Harrison had arrived, just as she dreamt and knew she would one day.
But as the Stars franchise was relocating to Las Vegas after the 2017 campaign, she suddenly started experiencing abnormal fatigue and soreness while playing overseas. Upon returning home in April 2018, Harrison was diagnosed with an autoimmune condition before training camp. And with a family history of Lupus, she knew what was to come.
She also was prepared.
One of her brothers has Lupus, one of her sisters passed away from it, and another is still dealing with it. Not only was she mentally ready, but her love for basketball sparked the ingenuity to find the positive angle from her medical condition and turn it advantageous toward her career.
“I got to see how they took care of themselves growing up and their diet,” said Harrison, who is playing for the Lupus Foundation of America. “I was just very in tune to their life. I saw it every day, what they did. So if it had to happen, I knew I had people to turn to, to talk to about it. And not only does it help me with my own situation, but it helps basketball too. My body feels really good, I know what I need to be eating and what I need to stay away from.”
And when COVID hit, and Harrison was in Italy just before the world shut down, she managed to fly home on an emergency flight in time to surround herself with family, something she said she needed at that time since she was seemingly gone most of the year.
“I wasn’t concerned cause I was with my family,” she said.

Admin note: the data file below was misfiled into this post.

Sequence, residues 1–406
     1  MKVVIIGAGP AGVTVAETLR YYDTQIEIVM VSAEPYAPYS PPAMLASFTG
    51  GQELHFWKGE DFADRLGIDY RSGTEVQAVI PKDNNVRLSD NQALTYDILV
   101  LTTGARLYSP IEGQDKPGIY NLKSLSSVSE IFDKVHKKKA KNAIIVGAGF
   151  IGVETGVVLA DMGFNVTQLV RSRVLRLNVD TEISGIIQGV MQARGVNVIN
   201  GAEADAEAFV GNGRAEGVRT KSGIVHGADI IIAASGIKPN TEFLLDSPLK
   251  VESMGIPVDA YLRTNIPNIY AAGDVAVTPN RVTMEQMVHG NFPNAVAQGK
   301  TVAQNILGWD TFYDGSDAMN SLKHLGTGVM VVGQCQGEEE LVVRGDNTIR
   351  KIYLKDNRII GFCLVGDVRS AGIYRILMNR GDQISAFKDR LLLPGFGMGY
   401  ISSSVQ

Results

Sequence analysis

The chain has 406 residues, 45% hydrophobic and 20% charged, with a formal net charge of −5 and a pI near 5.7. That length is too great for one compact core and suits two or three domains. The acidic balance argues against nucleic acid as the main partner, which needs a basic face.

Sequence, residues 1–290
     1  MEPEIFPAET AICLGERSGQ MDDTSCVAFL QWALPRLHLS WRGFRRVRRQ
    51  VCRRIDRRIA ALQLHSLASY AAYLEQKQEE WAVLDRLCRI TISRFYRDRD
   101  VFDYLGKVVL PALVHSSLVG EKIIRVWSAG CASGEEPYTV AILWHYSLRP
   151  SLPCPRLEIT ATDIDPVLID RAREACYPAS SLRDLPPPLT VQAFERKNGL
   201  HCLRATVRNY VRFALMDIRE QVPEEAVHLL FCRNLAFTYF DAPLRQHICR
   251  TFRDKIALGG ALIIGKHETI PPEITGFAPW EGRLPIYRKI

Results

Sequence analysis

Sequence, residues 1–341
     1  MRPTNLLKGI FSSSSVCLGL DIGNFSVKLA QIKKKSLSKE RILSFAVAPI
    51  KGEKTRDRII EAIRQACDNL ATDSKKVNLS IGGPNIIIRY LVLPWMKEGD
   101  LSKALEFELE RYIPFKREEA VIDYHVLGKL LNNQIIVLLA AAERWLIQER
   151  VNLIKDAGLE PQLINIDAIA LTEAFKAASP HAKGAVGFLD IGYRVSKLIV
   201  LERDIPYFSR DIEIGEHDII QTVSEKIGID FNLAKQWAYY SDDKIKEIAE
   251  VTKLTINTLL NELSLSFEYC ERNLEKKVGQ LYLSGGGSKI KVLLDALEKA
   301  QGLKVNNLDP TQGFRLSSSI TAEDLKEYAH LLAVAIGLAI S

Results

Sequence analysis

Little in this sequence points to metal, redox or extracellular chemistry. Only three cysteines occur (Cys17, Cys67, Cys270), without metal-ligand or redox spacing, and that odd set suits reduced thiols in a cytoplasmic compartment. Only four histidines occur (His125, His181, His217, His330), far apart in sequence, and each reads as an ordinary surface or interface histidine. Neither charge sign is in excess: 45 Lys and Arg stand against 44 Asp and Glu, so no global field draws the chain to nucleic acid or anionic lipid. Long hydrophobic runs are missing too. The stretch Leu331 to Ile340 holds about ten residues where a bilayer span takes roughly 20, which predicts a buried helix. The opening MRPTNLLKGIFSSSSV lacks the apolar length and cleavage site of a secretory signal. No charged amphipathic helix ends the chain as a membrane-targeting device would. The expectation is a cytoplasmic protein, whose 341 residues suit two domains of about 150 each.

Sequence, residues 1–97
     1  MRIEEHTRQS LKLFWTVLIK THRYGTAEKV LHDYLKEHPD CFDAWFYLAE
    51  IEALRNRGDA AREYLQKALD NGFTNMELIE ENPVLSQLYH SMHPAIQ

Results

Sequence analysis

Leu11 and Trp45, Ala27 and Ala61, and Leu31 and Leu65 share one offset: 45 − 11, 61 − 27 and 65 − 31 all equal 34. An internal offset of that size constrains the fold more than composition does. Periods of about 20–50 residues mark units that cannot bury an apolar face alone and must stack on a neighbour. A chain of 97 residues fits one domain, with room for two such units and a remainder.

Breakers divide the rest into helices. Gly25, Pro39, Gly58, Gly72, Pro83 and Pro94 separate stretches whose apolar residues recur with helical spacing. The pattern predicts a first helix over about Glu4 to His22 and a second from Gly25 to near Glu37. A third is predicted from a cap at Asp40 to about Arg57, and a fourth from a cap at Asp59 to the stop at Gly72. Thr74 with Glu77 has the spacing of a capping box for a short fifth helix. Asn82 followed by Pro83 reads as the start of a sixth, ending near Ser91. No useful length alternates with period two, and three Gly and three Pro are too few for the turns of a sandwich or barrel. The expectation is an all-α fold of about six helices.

Later that year in the WNBA bubble, she averaged 6.4 points per game for the Dallas Wings. Last season, she bounced back to average 10.9 points and 5.9 rebounds per contest.
Suddenly, it was time for another offseason, and a decision a couple of veterans made much easier for her.
ONE OF THE FIRST
After the 2021 WNBA campaign, Harrison said she was “just not feeling it,” in terms of another offseason abroad.
Then Sydney Colson called and filled her in about Athletes Unlimited. Harrison had heard something but wasn’t aware of the details. So when another veteran of the game, Ty Young, messaged Harrison on Instagram to inquire about her plans for January and February, she already knew.
“She’s like, ‘Izzy you might as well, it’s a good opportunity,'” Harrison said of her conversation with Young. “She kind of broke it down to me a little bit more about what’s going on. So I started getting on the player calls and just really hearing about AU and I was like, the more I hear about this, the more exciting it is.
“I wanted to be a part of the first group. That’s exactly how I feel. I felt like it was exciting. And if I could help establish this league for more girls to come next year or exposure, I wanted to be a part of that.”